‘I suppose there is a certain crucial interval in everyone’s life when character is fixed forever … for me, it was that first fall term I spent at Hampden.’
With a fresh academic year stretching out before us, the formative weight that Donna Tartt places on our university years may seem daunting. Rest assured that Tartt’s fictive Hampden College is worlds away from the ANU. Unless you somehow become embroiled in a murder with a group of overinvolved Classics students, you should manage to avoid the same darkness that permeates Richard Papen’s recollection of his time as a student at Hampden.
Tartt’s 1992 novel opens by recounting the demise of Bunny Corcoran with a scarcity of detail that disappears later in the lengthy book. Time then shifts backwards, with the first half of The Secret History reading as a suspenseful murder mystery, populated by the eccentric students of Hampden’s elite Classics department. Beyond the small class’s interest in Ancient Greek, they are united by their extraordinary wealth, dandyish sensibilities, and a misplaced sense of superiority over the greater student body. Richard, a middle-class Californian, is somehow seamlessly integrated into their Dionysian crew. His quick acceptance into their circle is not the only point where The Secret History diverges from a sense of reality.
The students of Hampden embody the most well-worn clichés of the university Arts student. Throughout the novel, a bevvy of under-performing creative types seem to appear in a plume of cigarette smoke, ready to offer Richard mysterious pills from their limitless dorm room supplies. The Greek class, with whom Richard spends most of his time, are bizarrely self-absorbed. Henry, a linguistic wunderkind who is said to speak eight languages, is shocked upon learning from a classmate that man has, in fact, walked on the moon. The group seems to survive on a diet of expensive liquor, pricey French cuisine and elaborate home-cooked meals, nary a bowl of mi goreng in sight. The almost implausible pretentiousness of the blazer-wearing, Greek-aphorism-quoting main cast is one of the novel’s most frustrating elements.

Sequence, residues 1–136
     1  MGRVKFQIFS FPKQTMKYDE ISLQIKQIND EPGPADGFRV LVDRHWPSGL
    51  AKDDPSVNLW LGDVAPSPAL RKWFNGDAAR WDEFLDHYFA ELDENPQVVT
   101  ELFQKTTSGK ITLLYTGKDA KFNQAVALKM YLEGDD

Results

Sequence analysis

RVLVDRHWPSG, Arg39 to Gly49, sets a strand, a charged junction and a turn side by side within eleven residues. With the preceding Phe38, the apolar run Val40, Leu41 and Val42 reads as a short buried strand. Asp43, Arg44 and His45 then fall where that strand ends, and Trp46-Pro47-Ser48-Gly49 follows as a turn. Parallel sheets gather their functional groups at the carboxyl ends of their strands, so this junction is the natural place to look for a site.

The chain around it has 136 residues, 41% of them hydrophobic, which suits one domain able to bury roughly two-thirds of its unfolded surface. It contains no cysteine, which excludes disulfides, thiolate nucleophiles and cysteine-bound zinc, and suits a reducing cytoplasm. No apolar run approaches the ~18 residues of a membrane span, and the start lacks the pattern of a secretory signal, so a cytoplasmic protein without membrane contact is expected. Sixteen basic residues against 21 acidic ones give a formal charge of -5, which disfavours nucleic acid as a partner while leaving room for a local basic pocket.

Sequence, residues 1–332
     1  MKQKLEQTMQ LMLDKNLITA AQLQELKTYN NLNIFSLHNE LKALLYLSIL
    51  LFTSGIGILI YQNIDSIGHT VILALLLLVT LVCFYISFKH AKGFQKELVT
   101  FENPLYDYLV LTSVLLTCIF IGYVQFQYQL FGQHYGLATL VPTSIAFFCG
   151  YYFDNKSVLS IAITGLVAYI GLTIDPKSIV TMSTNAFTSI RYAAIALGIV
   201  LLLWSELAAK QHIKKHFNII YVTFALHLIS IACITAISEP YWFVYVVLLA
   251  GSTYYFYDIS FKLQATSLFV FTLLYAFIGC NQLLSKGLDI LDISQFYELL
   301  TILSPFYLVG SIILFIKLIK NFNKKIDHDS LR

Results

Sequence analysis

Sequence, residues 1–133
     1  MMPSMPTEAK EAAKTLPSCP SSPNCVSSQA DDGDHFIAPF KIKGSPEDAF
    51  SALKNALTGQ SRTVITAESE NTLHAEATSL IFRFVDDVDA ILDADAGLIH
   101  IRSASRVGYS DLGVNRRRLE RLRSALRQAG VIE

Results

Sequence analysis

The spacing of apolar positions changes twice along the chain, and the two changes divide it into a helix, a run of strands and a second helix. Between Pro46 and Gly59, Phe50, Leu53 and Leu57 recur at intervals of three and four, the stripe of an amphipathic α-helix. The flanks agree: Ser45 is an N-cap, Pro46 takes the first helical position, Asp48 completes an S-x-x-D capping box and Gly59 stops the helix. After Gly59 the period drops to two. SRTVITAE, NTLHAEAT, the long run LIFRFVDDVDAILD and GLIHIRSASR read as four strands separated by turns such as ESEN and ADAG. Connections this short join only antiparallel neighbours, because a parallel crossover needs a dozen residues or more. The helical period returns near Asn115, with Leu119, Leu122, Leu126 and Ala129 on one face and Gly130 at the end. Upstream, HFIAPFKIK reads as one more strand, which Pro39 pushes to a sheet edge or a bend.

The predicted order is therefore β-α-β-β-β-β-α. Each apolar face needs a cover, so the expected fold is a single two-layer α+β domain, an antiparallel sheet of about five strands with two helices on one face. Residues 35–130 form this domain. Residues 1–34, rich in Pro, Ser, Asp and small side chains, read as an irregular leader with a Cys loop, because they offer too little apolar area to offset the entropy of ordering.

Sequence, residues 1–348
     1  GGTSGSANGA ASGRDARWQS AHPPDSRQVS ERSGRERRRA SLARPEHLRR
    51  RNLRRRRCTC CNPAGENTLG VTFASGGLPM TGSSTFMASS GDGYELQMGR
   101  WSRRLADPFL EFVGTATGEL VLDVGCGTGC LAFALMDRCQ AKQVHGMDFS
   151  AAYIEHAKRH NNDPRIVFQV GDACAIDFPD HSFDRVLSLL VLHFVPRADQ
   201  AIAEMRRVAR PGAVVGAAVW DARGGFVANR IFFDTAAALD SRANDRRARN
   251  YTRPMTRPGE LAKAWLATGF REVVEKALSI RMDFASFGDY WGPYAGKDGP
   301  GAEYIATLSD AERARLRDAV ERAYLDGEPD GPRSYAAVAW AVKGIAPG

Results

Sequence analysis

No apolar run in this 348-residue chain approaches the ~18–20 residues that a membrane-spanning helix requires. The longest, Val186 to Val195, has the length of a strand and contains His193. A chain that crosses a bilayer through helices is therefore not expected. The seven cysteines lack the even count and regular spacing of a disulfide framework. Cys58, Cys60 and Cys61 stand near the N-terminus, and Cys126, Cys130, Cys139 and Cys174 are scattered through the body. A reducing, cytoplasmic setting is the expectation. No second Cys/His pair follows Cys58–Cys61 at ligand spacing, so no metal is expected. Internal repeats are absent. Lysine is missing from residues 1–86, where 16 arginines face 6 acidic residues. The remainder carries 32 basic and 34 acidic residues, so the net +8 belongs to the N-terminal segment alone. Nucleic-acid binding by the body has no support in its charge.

Despite this, I found it hard not to become enwrapped in the insular world of Hampden. The suspense introduced with Bunny’s murder carries through the book, and Tartt’s prose does an incredible job of sustaining the gloomy opulence of her characters. The eccentricities of the central characters, whilst at times grating, are part of a surreal world that diverges just slightly from our own. Considering the story is told retrospectively as Richard recollects of his university heydays, it is perhaps apt that certain elements are embellished. It’s easy to see how a character, with a taste for the dramatic, would romanticise a time of life that brought both newfound freedom, and a huge amount of emotional turbulence.
I can’t imagine that The Secret History provides a realistic insight into many people’s academic careers. Tartt’s novel nevertheless succeeds as a gripping, borderline fantastical murder mystery. With my copy weighing in at 629 pages, its ability to keep the pages turning must partially account for its continued popularity over the 25 years it has been in print. The Secret History succeeds as a work of escapism, and a particularly beautifully written one at that. If, however, you’re looking for an insightful portrait of everyday life at a university you will not find it in this dark tale. I’m choosing to remain grateful for that.
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